I received a free edition of this book through Story Cartel in exchange for my review, which is very, very late. This hasn’t affected my review or rating in any way. In fact, this book is so awesome that I wish I’d paid for it.
I was incredibly excited about this book. Intersex characters in a dystopian future with the most beautiful cover I’ve ever seen? Oh, I was *in*.
Despite my lofty expectations, this book did not disappoint. At all.
Let me start at the beginning. So Andi, the protagonist of this book, is an intersex “Transgressor”. She (Andi uses she/her pronouns) won’t let the Society assign her because to do so would be to strip away her identity and deny half of herself. She spends her life in the gutter, addicted to Flow, and gets dragged into a plot that will upturn everything she knows. She doesn’t choose revolution: her existence *is* revolution, something that we get to see again and again. All Andi wants is to be herself in a world that wants to forcibly assign her based on rigid gender stereotypes and roles.
One thing that I really loved about this book is that typically protagonists are special in some way: they have powers, or incredible intelligence, or wealth. Andi has none of that. All she has is grit and stubbornness. She’s uneducated, she’s a drug addict, she’s a prostitute, existing on the fringes of society. And yet, she makes a difference nonetheless simply by being herself and refusing to conform.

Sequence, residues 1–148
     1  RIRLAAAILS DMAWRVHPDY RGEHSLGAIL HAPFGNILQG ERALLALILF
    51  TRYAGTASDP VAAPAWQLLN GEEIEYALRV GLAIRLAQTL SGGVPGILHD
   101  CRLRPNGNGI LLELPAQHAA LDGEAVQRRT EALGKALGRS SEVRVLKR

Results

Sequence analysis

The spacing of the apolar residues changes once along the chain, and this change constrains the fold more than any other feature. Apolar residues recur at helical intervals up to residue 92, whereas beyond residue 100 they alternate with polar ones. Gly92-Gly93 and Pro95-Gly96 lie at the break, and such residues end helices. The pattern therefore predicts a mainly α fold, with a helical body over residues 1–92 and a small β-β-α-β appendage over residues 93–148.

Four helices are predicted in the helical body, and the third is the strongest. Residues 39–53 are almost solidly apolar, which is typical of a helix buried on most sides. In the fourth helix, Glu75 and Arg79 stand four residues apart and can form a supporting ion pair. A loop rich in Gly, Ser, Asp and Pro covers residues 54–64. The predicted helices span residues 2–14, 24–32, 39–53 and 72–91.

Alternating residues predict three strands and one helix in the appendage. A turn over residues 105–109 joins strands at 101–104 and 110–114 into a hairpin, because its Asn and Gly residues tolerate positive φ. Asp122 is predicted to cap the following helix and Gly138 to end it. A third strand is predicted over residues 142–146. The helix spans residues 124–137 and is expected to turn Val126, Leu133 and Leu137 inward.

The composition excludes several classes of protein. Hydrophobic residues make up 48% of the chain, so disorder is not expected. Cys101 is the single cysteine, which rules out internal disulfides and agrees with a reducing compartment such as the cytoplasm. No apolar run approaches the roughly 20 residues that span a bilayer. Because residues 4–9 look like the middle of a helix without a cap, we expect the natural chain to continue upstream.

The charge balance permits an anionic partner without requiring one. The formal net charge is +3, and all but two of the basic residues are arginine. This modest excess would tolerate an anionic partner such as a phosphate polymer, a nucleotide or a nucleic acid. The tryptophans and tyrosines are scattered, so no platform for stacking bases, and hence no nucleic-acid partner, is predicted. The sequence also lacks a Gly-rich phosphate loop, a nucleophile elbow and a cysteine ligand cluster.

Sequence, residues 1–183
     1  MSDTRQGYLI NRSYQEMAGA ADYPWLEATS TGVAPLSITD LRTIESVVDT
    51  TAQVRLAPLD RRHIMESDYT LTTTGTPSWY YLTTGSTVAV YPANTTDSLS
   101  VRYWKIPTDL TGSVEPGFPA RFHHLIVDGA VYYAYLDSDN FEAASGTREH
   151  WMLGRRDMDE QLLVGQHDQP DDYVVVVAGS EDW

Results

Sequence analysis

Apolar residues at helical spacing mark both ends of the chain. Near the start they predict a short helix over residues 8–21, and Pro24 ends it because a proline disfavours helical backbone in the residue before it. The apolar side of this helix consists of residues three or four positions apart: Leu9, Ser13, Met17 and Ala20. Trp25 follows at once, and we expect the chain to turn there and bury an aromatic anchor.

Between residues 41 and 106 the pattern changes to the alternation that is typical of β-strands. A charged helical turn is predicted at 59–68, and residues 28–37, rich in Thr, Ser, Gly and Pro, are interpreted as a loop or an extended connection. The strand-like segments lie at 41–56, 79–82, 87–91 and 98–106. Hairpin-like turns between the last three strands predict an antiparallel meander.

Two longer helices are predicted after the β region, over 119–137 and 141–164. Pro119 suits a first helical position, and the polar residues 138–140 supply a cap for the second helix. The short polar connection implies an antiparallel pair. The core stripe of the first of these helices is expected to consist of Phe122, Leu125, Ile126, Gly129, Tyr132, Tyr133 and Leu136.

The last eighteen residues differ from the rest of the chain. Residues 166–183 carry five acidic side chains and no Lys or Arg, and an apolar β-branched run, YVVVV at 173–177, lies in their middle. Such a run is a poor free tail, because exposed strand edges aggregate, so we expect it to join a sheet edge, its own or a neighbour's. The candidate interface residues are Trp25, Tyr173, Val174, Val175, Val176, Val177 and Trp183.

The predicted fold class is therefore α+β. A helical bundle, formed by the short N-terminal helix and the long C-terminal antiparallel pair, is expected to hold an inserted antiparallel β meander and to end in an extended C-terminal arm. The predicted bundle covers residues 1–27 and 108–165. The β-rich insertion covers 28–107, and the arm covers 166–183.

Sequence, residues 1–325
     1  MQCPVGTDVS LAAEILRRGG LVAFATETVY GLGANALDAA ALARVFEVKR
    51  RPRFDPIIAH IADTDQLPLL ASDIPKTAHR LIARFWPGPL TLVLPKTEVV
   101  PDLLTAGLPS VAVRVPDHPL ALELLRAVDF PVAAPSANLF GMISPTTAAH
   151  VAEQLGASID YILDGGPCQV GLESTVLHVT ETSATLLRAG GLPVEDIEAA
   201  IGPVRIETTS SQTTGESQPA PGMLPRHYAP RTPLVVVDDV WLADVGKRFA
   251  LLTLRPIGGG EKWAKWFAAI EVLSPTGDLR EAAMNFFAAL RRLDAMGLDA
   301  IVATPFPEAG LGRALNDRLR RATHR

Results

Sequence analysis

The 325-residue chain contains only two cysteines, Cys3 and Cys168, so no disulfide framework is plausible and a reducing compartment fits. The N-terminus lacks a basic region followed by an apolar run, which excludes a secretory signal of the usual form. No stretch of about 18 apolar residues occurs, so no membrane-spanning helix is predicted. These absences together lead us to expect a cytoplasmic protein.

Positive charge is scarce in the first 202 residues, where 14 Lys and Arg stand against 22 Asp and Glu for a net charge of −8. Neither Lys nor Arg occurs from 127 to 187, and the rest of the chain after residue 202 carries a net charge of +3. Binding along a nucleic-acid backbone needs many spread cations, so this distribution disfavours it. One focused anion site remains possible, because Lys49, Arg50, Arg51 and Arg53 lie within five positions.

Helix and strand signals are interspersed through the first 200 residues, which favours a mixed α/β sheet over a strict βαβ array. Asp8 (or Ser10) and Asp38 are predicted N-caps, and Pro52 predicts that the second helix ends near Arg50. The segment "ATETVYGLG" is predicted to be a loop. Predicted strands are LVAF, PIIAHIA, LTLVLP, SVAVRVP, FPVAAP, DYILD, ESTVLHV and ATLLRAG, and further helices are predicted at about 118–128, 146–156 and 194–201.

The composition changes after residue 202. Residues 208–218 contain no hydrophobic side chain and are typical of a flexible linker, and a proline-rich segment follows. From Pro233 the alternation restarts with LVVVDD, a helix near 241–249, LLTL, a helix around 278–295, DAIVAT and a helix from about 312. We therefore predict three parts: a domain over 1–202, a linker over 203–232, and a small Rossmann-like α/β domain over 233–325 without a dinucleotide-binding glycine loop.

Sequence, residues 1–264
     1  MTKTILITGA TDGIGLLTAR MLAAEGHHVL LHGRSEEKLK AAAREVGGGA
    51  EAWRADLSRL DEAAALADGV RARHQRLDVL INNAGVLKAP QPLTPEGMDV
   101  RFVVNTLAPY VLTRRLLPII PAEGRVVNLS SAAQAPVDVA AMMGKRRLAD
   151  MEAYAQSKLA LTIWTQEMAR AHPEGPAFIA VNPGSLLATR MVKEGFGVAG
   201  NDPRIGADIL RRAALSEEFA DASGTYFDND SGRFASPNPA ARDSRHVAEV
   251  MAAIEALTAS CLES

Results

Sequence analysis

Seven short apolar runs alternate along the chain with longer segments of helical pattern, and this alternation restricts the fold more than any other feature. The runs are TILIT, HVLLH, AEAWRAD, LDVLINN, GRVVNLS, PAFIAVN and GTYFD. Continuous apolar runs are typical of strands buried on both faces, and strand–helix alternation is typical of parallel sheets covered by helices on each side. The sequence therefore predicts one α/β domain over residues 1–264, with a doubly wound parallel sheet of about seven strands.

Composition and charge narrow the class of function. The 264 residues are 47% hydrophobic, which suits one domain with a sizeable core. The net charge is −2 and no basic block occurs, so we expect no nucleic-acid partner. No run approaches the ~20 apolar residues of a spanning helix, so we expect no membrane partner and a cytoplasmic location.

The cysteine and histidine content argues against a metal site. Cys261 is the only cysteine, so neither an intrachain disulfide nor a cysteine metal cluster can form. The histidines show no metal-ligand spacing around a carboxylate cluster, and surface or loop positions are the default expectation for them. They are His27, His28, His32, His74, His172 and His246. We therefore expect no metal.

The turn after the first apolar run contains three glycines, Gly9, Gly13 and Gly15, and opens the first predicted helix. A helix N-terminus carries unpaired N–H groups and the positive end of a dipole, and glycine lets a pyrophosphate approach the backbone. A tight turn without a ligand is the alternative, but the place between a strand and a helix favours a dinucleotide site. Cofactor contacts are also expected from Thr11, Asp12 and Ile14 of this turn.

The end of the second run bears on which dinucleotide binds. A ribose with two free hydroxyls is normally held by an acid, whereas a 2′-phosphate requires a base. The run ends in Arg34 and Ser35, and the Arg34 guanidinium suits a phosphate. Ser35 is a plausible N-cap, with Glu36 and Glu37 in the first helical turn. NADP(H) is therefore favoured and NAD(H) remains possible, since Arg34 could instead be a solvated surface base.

The writing is incredible. Andi’s voice adds an incredible flavor to the world, her story told in a gutter-slang that often has to be decoded by context. She’s direct and forthright, sparing nobody’s feelings. At times the heavy dialect makes Trans Liberty Riot Brigade a challenging read, but making you work for it makes the story that much more engaging: this isn’t just a book you can browse on autopilot, but it’s worth the extra work to be sucked into this incredibly detailed world with characters that are fresh and interesting. I read it in two sittings spaced apart by a few weeks: while it seemed daunting to go back to, once I was back in I just couldn’t put it down until I reached the final page.
This book won’t be for everyone. The author doesn’t hold back on description, doling out graphic details of death, drugs and sex which really bring home how grim the Society is. I loved it, but some readers might find it to be a little too much. Likewise, not everyone will be able to parse the heavy slang that perpetuates Andi’s thoughts. Those are do, however, are in for a treat.
I couldn’t recommend this book highly enough, and the sequels will be auto-buy for me. L.M. Pierce is an author to watch, because if this is her debut novel, I absolutely cannot wait to see what she will write next.